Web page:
One-of-a-kind spectrometer reads vibrations between atoms to find structures of molecules:
By measuring the vibrations between atoms using femtosecond-long laser pulses, the Rice lab of chemist Junrong Zheng is able to discern the positions of atoms within molecules without the restrictions imposed by X-ray diffraction (XRD) and nuclear magnetic resonance (NMR) imaging.
The technique can capture the structure of molecules at room temperature or very low or high temperatures and in many kinds of samples...
"The atoms in every molecule are always vibrating, and each bond between atoms vibrates at a certain frequency, and in a certain direction," he said. "We found that if we can measure the direction of one vibration and then another, then we can know the angle between these two vibrations – and therefore the angle between the bonds."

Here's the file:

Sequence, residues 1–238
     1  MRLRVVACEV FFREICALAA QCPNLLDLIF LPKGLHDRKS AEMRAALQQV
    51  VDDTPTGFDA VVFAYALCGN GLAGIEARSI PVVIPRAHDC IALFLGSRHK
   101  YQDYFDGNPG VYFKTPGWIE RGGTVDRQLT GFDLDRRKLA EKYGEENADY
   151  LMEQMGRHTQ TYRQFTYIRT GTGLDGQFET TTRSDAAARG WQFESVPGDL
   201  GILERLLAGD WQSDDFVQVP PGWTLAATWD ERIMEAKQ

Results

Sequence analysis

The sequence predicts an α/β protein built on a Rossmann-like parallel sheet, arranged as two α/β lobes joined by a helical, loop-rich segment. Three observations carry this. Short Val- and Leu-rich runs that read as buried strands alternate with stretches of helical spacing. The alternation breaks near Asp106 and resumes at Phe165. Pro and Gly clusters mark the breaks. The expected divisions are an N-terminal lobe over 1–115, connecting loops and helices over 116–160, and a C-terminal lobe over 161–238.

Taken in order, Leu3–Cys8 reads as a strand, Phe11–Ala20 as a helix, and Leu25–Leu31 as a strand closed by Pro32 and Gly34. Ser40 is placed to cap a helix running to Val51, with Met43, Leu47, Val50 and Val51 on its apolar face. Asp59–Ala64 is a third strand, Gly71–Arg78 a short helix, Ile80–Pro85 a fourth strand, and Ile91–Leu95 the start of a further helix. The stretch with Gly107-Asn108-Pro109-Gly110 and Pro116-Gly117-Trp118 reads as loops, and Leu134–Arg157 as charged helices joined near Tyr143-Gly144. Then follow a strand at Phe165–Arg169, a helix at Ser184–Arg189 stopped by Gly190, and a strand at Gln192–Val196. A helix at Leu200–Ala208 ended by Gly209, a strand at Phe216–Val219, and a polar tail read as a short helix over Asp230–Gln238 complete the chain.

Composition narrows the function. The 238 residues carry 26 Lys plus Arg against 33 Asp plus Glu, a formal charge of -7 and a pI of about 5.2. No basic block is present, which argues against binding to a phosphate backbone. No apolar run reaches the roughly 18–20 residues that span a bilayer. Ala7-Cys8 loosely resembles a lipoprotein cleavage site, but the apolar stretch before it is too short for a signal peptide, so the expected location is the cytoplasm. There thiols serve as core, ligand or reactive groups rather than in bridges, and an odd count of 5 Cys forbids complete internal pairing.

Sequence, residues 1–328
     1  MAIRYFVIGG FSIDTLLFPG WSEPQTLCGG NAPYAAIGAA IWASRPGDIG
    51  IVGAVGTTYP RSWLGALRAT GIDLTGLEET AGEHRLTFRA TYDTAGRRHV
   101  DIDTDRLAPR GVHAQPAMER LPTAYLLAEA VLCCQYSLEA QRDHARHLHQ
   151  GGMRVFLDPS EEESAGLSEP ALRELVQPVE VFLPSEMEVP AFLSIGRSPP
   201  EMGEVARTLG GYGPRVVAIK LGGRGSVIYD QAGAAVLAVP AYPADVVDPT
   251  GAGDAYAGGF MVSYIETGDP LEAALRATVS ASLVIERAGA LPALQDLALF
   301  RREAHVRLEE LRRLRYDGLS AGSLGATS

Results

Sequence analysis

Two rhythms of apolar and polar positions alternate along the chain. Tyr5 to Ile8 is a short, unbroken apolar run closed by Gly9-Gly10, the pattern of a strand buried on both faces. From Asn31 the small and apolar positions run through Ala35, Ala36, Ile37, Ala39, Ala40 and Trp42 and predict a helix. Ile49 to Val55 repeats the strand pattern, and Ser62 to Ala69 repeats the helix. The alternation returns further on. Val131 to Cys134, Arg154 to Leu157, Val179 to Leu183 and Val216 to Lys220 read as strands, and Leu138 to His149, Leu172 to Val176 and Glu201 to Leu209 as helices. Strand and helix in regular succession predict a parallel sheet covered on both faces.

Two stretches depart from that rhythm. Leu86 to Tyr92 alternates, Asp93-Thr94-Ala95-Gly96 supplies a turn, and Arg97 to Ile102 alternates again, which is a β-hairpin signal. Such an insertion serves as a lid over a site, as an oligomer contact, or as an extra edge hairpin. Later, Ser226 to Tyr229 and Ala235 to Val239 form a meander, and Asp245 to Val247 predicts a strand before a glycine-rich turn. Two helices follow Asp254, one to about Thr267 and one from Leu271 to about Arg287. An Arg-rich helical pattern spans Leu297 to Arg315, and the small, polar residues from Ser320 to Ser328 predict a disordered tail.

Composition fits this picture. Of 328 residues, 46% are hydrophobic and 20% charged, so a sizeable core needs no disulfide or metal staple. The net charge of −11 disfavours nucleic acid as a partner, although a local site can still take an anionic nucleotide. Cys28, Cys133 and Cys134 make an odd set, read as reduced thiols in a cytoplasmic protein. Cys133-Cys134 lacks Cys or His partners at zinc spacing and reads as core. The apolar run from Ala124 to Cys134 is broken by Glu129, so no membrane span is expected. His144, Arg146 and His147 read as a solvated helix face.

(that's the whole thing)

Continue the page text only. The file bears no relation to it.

He said the researchers begin with the chemical formula and already know, through Fourier transform infrared spectroscopy, how many vibrational frequencies are contained in a given molecule. "Then we measure each vibrational mode, one by one. Once we get all the cross-angles, we can translate this to a model," he said.